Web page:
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Old 07-10-2013, 08:03 AM   #1
RedKidneyBean
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Running Debian on Nexus 7 (native)


I have looked around online and can't find anyone talking about putting Debian on the Nexus 7. Of course we could use chroot to run Debian but I was hoping for a little more.

Since Canonical have started supporting Ubuntu on the device we have a full Linux kernel running. Now from within this is it possible to just debootstrap on to a new partition and run off of this? Without access to a device I don't know how well partition editing works with the device.

The second problem I can see coming up is X11. I read that the Ubuntu distro uses the android window system to put everything up on screen. I presume that there is no easy way to support X on the device. Does anyone know if there is a work-around for this?
 
Old 07-14-2013, 01:16 PM   #2
replica9000
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I've run Debian on an Android phone via a chroot environment, and a VNC client to get a desktop going. I have no experience running a native install on an Android device, so I might not be much help.

You could always use Ubuntu's kernel config to compile a Debian kernel for the device, or bootstrap Ubuntu instead. Xorg is available for ARM devices. It would depend if there is support for the Nexus's display though. Also I'm not sure how much you could do with the partitioning. I would assume you need to keep the firmware partitions intact to avoid bricking the device. This is what my Android phone's partitioning looks like.

Code:
Disk /dev/block/mmcblk0: 15.7 GB, 15758000128 bytes
1 heads, 16 sectors/track, 1923584 cylinders
Units = cylinders of 16 * 512 = 8192 bytes

              Device Boot      Start         End      Blocks  Id System
/dev/block/mmcblk0p1   *           1          17         128  4d Unknown
Partition 1 does not end on cylinder boundary
/dev/block/mmcblk0p2              17          49         256  51 Unknown
Partition 2 does not end on cylinder boundary
/dev/block/mmcblk0p3              49        4094       32367  5d Unknown
Partition 3 does not end on cylinder boundary
/dev/block/mmcblk0p4            4094     1923584    15355920   5 Extended
Partition 4 does not end on cylinder boundary
/dev/block/mmcblk0p5            4095        4096          16  5a Unknown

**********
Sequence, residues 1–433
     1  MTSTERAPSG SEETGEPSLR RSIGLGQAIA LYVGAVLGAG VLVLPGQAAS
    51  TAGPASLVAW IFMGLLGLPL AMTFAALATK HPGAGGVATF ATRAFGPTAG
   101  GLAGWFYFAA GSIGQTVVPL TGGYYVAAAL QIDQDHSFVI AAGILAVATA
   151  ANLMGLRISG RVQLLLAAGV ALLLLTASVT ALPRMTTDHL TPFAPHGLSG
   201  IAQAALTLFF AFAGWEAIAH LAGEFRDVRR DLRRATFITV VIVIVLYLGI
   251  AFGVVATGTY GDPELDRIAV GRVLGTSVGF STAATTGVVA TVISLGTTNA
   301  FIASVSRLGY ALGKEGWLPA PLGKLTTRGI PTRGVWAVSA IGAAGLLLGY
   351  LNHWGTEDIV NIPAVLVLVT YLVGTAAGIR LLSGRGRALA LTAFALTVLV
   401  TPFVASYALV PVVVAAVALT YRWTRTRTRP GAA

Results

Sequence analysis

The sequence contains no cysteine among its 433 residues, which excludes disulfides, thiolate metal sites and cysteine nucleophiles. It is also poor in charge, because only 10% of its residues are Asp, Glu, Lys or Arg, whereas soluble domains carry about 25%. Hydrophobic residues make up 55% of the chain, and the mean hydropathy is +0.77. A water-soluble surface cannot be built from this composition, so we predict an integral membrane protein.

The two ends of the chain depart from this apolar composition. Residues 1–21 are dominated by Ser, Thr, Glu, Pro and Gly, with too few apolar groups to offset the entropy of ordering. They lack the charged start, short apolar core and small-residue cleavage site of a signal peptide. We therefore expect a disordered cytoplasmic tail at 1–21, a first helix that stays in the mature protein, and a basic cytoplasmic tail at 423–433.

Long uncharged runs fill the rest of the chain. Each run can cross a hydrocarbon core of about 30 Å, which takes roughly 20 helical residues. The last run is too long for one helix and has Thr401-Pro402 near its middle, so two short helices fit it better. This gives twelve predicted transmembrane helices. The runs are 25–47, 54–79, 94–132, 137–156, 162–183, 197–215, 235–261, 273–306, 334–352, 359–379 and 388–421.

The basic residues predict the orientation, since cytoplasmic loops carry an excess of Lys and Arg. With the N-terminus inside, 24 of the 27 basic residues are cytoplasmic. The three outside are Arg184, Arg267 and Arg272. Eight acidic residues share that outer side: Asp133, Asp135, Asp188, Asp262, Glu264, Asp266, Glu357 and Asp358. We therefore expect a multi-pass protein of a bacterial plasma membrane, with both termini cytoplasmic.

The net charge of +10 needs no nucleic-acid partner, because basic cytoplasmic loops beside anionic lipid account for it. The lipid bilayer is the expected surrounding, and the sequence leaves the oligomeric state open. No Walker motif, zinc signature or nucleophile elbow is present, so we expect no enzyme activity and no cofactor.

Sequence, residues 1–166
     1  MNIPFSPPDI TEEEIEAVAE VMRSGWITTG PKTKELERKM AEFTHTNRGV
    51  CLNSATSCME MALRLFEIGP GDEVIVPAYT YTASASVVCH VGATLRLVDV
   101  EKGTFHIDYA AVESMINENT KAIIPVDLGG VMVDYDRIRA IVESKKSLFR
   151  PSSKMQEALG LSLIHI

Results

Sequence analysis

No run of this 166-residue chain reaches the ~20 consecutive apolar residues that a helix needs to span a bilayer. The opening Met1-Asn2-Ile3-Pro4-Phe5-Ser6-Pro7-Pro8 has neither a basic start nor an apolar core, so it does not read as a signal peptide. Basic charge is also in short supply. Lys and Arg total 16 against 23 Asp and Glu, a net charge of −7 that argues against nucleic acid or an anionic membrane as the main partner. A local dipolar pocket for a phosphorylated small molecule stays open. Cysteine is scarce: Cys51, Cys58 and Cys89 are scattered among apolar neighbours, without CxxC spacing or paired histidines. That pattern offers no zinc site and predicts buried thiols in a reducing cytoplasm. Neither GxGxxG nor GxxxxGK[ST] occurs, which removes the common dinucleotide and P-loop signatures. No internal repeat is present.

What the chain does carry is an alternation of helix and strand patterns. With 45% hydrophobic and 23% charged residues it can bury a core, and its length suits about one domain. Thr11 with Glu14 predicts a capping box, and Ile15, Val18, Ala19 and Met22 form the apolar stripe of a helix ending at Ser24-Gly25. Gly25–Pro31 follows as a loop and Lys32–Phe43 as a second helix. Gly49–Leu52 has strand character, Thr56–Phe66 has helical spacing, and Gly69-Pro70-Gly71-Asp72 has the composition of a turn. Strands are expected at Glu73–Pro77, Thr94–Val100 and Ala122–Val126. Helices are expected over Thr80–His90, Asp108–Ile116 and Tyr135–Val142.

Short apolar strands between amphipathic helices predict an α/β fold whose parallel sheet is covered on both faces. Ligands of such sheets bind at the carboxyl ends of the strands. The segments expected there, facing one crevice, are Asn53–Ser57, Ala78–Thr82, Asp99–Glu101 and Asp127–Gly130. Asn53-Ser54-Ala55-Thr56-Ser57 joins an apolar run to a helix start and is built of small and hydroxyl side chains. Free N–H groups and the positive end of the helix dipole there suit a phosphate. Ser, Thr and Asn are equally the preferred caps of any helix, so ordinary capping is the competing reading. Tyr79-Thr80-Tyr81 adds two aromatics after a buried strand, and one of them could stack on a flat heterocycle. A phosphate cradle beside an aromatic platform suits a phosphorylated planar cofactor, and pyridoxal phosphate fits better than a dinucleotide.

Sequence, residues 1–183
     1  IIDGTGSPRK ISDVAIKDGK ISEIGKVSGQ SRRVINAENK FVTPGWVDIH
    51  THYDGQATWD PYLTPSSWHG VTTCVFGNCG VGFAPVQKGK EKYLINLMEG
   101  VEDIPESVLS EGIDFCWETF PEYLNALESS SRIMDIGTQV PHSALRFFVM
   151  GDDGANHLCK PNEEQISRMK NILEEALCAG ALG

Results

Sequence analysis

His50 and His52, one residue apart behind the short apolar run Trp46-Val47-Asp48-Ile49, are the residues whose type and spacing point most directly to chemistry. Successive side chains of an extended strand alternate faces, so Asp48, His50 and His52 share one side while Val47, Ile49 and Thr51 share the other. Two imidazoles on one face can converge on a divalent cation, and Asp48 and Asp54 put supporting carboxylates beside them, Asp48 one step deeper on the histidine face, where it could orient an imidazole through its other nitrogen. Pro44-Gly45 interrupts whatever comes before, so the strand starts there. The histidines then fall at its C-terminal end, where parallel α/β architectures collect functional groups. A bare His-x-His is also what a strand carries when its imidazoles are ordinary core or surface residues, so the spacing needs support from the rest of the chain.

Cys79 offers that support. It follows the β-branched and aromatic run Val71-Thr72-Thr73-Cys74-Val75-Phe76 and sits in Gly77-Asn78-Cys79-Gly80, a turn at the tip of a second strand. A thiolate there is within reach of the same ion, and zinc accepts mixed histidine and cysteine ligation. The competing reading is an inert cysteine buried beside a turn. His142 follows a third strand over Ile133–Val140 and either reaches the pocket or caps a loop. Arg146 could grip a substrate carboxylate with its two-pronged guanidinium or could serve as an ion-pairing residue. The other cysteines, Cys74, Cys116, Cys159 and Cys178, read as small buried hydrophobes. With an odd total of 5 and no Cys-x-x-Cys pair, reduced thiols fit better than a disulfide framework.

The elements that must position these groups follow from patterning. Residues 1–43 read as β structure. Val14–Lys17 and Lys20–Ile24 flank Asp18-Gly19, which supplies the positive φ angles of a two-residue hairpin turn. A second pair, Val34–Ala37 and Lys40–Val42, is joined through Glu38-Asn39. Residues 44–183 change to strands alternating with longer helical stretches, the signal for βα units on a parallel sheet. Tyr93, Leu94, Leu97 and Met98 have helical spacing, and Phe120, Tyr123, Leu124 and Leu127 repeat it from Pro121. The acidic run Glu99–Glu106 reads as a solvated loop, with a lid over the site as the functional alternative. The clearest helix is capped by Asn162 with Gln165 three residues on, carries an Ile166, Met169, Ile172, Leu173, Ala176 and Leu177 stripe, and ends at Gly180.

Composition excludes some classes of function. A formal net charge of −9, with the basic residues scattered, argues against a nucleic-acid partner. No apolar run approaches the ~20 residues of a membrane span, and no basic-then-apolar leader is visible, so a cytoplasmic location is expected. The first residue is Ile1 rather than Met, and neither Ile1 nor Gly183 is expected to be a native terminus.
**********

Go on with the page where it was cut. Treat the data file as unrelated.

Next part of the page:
/dev/block/mmcblk0p6            4097        4129         256  73 Unknown
/dev/block/mmcblk0p7            4129        6684       20442+ 5b Unknown
/dev/block/mmcblk0p8            6684        6716         256  5c Unknown
/dev/block/mmcblk0p9            6716        6844        1024  45 Unknown
/dev/block/mmcblk0p10           6844        6876         256  47 Unknown
/dev/block/mmcblk0p11           6876        7132        2048  46 Unknown
/dev/block/mmcblk0p12           7132        7260        1024  4c Unknown
/dev/block/mmcblk0p13           7260        7264          32  39 Unknown
/dev/block/mmcblk0p14           7264        8032        6144  34 Unknown
/dev/block/mmcblk0p15           8032        8160        1024  36 Unknown
/dev/block/mmcblk0p16           8161        8192         256  76 Unknown
/dev/block/mmcblk0p17           8193       13313       40960  77 Unknown
/dev/block/mmcblk0p18          13313       18433       40960  77 Unknown
/dev/block/mmcblk0p19          18433       19457        8191  74 Unknown
/dev/block/mmcblk0p20          19457       20480        8190+ 74 Unknown
/dev/block/mmcblk0p21          20481       24576       32768  7a Unknown
/dev/block/mmcblk0p22          24577       26625       16384  48 Unknown
/dev/block/mmcblk0p23          26625       28672       16383  71 Unknown
/dev/block/mmcblk0p24          28673       30720       16381+ 76 Unknown
/dev/block/mmcblk0p25          30720       31232        4096  4a Unknown
/dev/block/mmcblk0p26          31232       31744        4096  4b Unknown
/dev/block/mmcblk0p27          31744       32256        4096  59 Unknown
/dev/block/mmcblk0p28          32257       32768        4096  5a Unknown
/dev/block/mmcblk0p29          32769      192512     1277951  83 Linux
/dev/block/mmcblk0p30         192513      196318       30442  19 Unknown
/dev/block/mmcblk0p31         196318      196574        2047+ 33 Unknown
/dev/block/mmcblk0p32         196574      196574           4  88 Unknown